On January 27th, QLogic and Broadcom announced a demonstration of the first end-to-end 25GbE and 100GbE solutions. The two companies also announced interoperability between adapters based on QLogic cLOM8514 chips and Broadcom switches based on StrataXGS Tomahawk chips.
Reading between the lines, this announcement represents a major milestone for server connectivity – the world’s first 100Gb Ethernet Adapter.
I talked to Ahmet Houssein, vice president and general manager for the QLogic Ethernet business unit, and learned that 20GbE, 25GbE, 50GbE and 100Gbe server adapters and storage chips have been in qualification by major OEMs since October of 2014.
According to Ahmet, “QLogic expects server products to be introduced to market as part of the Intel Grantley refresh cycle. Storage products will follow.”
I translate that to mean server OEMs will start shipping 20GbE, 25GbE, 50GbE and 100GbE server adapters in late 2015 and early 2016.
QLogic Ethernet adapters based on the cLOM8514 chips will be available in 4-port x 10Gb, 2-port x 20Gb, 4-port x 25Gb and 1-port x 100Gb configurations.
While 100GbE adapters are sexy because of their massive performance, the 25GbE adapters promise to be popular with data center managers because they will slash switch ports and cabling. For example, enterprise servers configured today with a pair of dual-port 10GbE adapters require four switch ports and four cables to deliver 40Gb of bandwidth. A single dual-port 25GbE adapter will require only two switch ports and two cables to provide 50Gb of bandwidth.
For architects designing scale-out environments such as HPC, Hadoop or object storage clusters, QLogic technology which supports RDMA over Converged Ethernet (RoCE) is positioned to give InfiniBand a run for its money. The 50GbE ports on the QLogic adapter are set to contend with 56Gb FDR InfiniBand. At 100Gb, QLogic and the Ethernet community are for the first time getting to market with leading-edge speed alongside the InfiniBand industry.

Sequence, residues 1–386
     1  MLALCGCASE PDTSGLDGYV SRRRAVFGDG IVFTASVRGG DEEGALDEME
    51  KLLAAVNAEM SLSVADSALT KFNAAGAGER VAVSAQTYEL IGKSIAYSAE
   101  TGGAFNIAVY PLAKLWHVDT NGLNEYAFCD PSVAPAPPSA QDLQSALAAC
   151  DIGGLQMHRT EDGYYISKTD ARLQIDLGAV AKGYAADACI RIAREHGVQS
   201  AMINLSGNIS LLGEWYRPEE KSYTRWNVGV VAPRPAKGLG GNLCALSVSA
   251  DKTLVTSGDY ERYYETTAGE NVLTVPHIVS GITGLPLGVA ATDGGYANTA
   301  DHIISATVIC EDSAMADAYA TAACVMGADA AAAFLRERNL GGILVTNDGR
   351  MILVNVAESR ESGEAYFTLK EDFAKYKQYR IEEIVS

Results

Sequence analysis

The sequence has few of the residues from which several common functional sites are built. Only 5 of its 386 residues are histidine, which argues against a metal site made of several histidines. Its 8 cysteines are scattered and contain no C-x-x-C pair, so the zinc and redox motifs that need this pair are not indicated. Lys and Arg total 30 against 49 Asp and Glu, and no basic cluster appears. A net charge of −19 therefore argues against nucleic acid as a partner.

The availability of QLogic cLOM8514 technology is also pointing towards a major leap forward for storage systems. Given that storage vendors are qualifying the cLOM8514 chips, there are NAS, iSCSI and FCoE storage systems running in OEM labs today with scary-fast 50G and 100G ports.
The companies which stand to gain the most from this technology the soonest are the all-flash array vendors. By supporting millions of I/Os per second, all-flash arrays are capable of saturating multiple 10Gb ports. The availability of 25, 50, and 100GbE ports gives storage vendors the plumbing they need to build bigger and faster all-flash arrays.
My recommendation to IT organizations is to put this on your Christmas list. If you’re planning a server refresh with Intel Grantley servers later this year, you will want to be asking your server vendor about the availability of 25GbE adapters.
Stay tuned for more on 25GbE, 50GbE and 100GbE NICs. I hope to get my hands on a cLOM8514-based adapter soon for testing.
Category: Feature Articles